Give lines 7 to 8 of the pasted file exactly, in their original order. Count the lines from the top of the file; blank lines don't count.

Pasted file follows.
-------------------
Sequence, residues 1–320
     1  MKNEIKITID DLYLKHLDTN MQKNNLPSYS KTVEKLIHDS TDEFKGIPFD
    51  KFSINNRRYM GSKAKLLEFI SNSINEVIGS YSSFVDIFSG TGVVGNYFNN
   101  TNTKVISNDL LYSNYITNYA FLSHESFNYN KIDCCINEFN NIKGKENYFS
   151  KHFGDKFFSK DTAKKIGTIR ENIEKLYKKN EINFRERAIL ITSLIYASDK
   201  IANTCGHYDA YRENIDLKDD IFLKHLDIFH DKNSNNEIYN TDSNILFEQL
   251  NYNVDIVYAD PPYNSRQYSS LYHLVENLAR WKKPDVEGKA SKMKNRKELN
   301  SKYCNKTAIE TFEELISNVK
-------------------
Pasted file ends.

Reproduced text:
   251  NYNVDIVYAD PPYNSRQYSS LYHLVENLAR WKKPDVEGKA SKMKNRKELN
   301  SKYCNKTAIE TFEELISNVK